Participants then sent the devices to the researches where the recordings were matched up with the eclipse periods from each location and analysed for the number and duration of bee flight buzzes. The recordings didn't allow for differentiation between bee species but observations indicated most bees monitored were bumble bees or honey bees. The data showed that bees remained active during the partial-eclipse phases both before and after totality but they essentially ceased flying during the period of totality.
Just 1 buzz was recorded during totality in all of the 16 monitoring locations. However, shortly before and shortly after totality bee flights tended to be longer in duration than at times early in the pre-totality phase late in post-totality. Researchers interpret these longer flight durations as an indicator of slower flight under reduced light or possibly as the returning to their nests. Bees commonly fly more slowly at dusk and return to their colonies at night. The same behavior by a solar eclipse offers evidence about how they respond to environmental cues when those cues occur unexpectedly.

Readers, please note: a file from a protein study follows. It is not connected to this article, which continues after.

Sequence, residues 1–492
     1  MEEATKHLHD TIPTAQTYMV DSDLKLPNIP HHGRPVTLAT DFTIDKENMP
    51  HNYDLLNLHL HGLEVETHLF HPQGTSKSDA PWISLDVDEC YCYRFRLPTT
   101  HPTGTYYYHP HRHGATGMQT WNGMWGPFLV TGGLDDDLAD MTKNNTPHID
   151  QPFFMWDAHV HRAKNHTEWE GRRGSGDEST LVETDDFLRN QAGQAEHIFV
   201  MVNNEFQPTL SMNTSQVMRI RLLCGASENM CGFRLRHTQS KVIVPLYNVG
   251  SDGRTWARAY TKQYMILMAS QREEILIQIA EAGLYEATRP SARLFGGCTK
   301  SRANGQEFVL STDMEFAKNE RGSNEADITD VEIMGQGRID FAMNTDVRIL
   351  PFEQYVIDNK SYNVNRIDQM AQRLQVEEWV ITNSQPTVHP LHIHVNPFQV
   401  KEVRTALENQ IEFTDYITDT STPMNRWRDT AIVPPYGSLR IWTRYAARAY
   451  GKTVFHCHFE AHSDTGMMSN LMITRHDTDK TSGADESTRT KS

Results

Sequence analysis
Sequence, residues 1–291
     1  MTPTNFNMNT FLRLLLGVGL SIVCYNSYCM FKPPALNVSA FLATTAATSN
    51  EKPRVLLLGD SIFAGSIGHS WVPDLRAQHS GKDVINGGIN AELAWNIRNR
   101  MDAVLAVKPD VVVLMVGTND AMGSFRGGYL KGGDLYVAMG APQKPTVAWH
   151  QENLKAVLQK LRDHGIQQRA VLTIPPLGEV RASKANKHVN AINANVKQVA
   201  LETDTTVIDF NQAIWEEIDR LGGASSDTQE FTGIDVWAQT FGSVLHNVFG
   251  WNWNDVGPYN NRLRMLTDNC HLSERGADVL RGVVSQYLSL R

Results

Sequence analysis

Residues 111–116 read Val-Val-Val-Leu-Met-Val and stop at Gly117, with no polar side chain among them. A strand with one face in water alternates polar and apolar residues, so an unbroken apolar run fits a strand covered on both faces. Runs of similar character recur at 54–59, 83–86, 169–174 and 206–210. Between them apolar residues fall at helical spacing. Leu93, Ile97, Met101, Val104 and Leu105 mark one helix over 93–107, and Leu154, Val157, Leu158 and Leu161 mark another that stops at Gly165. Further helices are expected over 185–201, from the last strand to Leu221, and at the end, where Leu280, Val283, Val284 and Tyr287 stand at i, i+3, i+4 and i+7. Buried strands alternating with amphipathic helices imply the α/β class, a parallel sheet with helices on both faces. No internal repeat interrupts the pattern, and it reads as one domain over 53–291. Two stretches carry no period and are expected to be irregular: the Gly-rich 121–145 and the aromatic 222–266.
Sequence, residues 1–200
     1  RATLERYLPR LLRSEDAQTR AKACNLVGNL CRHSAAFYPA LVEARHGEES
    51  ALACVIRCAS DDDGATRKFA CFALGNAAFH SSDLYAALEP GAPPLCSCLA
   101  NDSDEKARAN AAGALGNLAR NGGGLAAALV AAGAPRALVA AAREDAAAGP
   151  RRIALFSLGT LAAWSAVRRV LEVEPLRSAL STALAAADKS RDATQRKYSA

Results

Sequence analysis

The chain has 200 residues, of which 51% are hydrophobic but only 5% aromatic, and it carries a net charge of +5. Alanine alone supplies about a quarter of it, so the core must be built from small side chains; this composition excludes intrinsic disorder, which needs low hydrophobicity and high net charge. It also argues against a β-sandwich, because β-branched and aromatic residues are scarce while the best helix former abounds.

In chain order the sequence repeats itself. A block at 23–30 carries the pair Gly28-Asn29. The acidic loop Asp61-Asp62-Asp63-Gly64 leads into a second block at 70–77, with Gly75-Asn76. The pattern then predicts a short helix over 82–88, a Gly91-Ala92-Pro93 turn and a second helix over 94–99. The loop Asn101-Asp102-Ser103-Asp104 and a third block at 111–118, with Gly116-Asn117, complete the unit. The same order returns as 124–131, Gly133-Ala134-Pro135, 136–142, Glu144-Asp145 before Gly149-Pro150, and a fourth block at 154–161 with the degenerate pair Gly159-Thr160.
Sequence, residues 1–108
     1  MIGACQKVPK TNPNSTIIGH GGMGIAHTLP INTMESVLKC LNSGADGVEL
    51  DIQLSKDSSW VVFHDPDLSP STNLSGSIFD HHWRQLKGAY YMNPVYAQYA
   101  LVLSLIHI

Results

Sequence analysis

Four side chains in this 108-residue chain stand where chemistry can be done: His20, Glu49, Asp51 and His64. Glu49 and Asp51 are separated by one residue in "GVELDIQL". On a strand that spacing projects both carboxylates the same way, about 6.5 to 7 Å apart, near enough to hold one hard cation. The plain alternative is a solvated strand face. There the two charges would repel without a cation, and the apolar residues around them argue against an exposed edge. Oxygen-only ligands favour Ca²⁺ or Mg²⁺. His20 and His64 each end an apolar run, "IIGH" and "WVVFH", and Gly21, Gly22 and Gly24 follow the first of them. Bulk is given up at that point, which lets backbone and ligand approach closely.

The eclipse gave the opportunity to ask whether environmental cues would after the bee's behavioral response to dim light and darkness. The findings demonstrate that complete darkness elicits same behavior in bees regardless of timing or context. And that's new information about bee cognition.